Getting over Mediocrity and Pettiness

The Gelephu Mindfulness City project is not only an economic and infrastructure project, but it is a challenge to us to get over our comfort zone of mediocrity and the mindset of pettiness when someone challenges that mediocrity.

While the media likes to cite others as examples it is probably good to start by taking an inward look sometimes.

There are many media houses in Bhutan, but only a few are doing good or impactful journalism on a consistent basis, and have hence developed a significant following and influence over time.

Advertisers of all stripes want to advertise in media houses that have that reach among readers.

However, when such advertisements are given, a few media houses, some of whom even lack good content and a proper team, try and make a hue and cry that they are not getting equal advertisements.

While private agencies and citizens go by reach and quality to advertise, government agencies come under pressure with all the crying and begging and give advertisements on ‘rotation basis’ as Kidu without taking into account if the advertisement is reaching the readers.

In the end, mediocrity and not excellence or any effort towards it is rewarded. Some can come out with hugely impactful stories of national significance and others come out with copy and paste press releases but they are all treated the same. There is no incentive to do better or actually compete.

Yes, the main problem is that the main source of advertisements itself, which is government announcements, is getting smaller for everyone, but the solution here is not to nit-pick on one another but to prove to society why the media and its existence is important through good journalism, good content, innovation and professionalism.

In short, develop a good product and readers and advertisers will come and if you don’t then nobody owes you anything.

This issue is not only in the media but is part of a wider problem.

In Bhutan, there generally is reluctance to reward excellence due to the fear of what the mediocre majority may think.

The effort and the results may be different but at the end of the day everybody wants to be rewarded equally.  We have an egoistic mindset similar to a reality singing show where every singer, and especially the bad singers, think they are as good as the good singers.

While the Civil Service reforms are not perfect and there have been some hiccups, one reason why people are so reluctant to adopt it is because it is ultimately attempting to measure the individual performance of civil servants and reward them accordingly.

It is due to this inability to accept there are others who can do better than us or outperform us that we Bhutanese generally end up being very poor losers.

When parties lose elections, there is always a conspiracy theory from EVM machines to other excuses. Some are even ready to go to extreme lengths than accept that they lost as voters chose the better party or message.

When people lose court cases the Drangpon is almost always tagged as being in cahoots with the winning side.

When people do not secure a coveted post, the story is usually nepotism or that something was not fair.

Yes, there can be some electoral malpractices, some bad judgments or some unfair selections and our system has its flaws, but to say that is the norm is being dishonest to ourselves and to others.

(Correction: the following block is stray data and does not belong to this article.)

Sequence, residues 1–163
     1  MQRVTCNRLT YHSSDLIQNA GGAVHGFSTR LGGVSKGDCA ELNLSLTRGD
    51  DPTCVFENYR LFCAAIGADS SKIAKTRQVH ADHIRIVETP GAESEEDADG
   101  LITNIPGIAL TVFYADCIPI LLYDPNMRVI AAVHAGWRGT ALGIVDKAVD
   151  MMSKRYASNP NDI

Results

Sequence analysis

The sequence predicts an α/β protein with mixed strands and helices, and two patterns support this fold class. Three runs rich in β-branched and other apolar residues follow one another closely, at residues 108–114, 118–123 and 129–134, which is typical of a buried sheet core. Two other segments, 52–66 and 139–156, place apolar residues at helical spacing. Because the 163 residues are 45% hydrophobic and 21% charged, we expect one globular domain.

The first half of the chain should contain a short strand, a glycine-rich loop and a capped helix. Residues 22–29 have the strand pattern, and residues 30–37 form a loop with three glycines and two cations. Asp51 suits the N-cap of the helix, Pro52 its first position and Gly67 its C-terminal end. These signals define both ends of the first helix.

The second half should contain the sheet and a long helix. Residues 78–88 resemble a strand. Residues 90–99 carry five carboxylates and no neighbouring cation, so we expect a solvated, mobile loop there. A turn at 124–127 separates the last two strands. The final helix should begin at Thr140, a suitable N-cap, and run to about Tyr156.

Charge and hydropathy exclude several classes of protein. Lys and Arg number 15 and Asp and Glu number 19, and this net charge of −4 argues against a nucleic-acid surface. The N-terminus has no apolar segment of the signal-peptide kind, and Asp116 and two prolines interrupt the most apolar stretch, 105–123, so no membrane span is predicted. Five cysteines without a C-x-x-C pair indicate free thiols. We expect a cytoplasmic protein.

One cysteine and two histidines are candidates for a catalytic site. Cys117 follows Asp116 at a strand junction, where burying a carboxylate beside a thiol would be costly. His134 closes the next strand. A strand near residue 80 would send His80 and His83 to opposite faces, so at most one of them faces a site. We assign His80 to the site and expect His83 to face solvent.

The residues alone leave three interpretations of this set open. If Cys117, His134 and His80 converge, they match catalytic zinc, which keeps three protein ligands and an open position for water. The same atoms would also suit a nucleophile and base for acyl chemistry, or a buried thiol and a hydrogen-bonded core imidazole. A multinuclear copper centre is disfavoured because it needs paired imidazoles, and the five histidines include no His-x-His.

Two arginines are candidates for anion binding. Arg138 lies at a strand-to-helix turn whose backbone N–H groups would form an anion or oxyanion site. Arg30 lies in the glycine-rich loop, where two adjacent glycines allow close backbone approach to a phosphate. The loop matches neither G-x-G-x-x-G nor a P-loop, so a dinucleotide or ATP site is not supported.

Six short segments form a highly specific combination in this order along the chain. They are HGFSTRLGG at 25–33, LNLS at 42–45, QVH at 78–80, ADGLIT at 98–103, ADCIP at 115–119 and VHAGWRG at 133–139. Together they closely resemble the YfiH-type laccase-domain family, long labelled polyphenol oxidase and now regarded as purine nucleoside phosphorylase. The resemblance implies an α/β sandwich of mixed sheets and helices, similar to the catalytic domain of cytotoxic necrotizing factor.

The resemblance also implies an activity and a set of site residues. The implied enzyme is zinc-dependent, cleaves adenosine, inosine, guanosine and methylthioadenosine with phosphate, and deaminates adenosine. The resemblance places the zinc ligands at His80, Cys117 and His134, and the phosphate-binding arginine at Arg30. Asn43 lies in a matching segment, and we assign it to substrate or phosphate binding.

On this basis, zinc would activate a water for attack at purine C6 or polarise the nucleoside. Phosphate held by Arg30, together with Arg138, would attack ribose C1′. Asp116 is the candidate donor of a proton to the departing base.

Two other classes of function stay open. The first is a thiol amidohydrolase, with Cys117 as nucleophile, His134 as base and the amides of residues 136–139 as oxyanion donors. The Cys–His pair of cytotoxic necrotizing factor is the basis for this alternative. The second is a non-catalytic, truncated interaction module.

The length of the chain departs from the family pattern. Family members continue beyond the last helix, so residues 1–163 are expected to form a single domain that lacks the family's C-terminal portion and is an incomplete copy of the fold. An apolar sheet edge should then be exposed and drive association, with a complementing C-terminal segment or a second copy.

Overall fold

The mediocrity and refusal to accept someone else did better feeds into a mindset of pettiness and what often happens is the mediocre either gang up to keep the status quo or spread a myth to explain their loss. It is much easier to lie to oneself and others than facing simple truths.

This refusal to face reality means one will not learn and grow.

This attitude when mixed with the petty small society mindset and the Bhutanese attitude to keep all sides happy then turns into a very toxic and potent mix that holds back excellence and growth and is like a poison in the national lifeblood.  

In fact, we have been lying so much to ourselves for so many years about everything being hunky dory and just fine that we are not able to get our heads around why large numbers of our youth are migrating from our paradise of mediocrity.

Europeans conquered the world as the European states welcomed new ideas of Renaissance that strove for excellence in various fields and then they kept competing with each other in ideas, technology, trade, warfare etc. This is while much bigger, older and richer civilizations slipped into complacency and mediocrity and suffered.

Gelephu is getting a Special Administrative Region status not only to offer legal and other incentives, but it is also to protect against this mediocre and petty mindset ruling the roost in Gelephu too, and bringing everything to a standstill.

The Gelephu project is Bhutan coming out to play at the global level where only the brightest, best, hardworking and the fastest will do well. As a nation and people, we have to put our best foot forward. There will be no scope for mediocrity, pettiness and lying to ourselves otherwise we may end up learning some hard lessons.

As demonstrated during COVID-19, a special strength of all Bhutanese is the ability to come together for the nation and each other despite all odds. So, the foundation and sincerity is already there.

Now if we can come together for supporting excellence, healthy competition and growth then the sky is the limit and we can achieve things not only in Gelephu but in multiple fields.

The other option is to keep lying to ourselves, not face reality and wallow in mediocrity and then we will be heading down a slippery slope.

By Tenzing Lamsang

The writer is the  Editor of The Bhutanese

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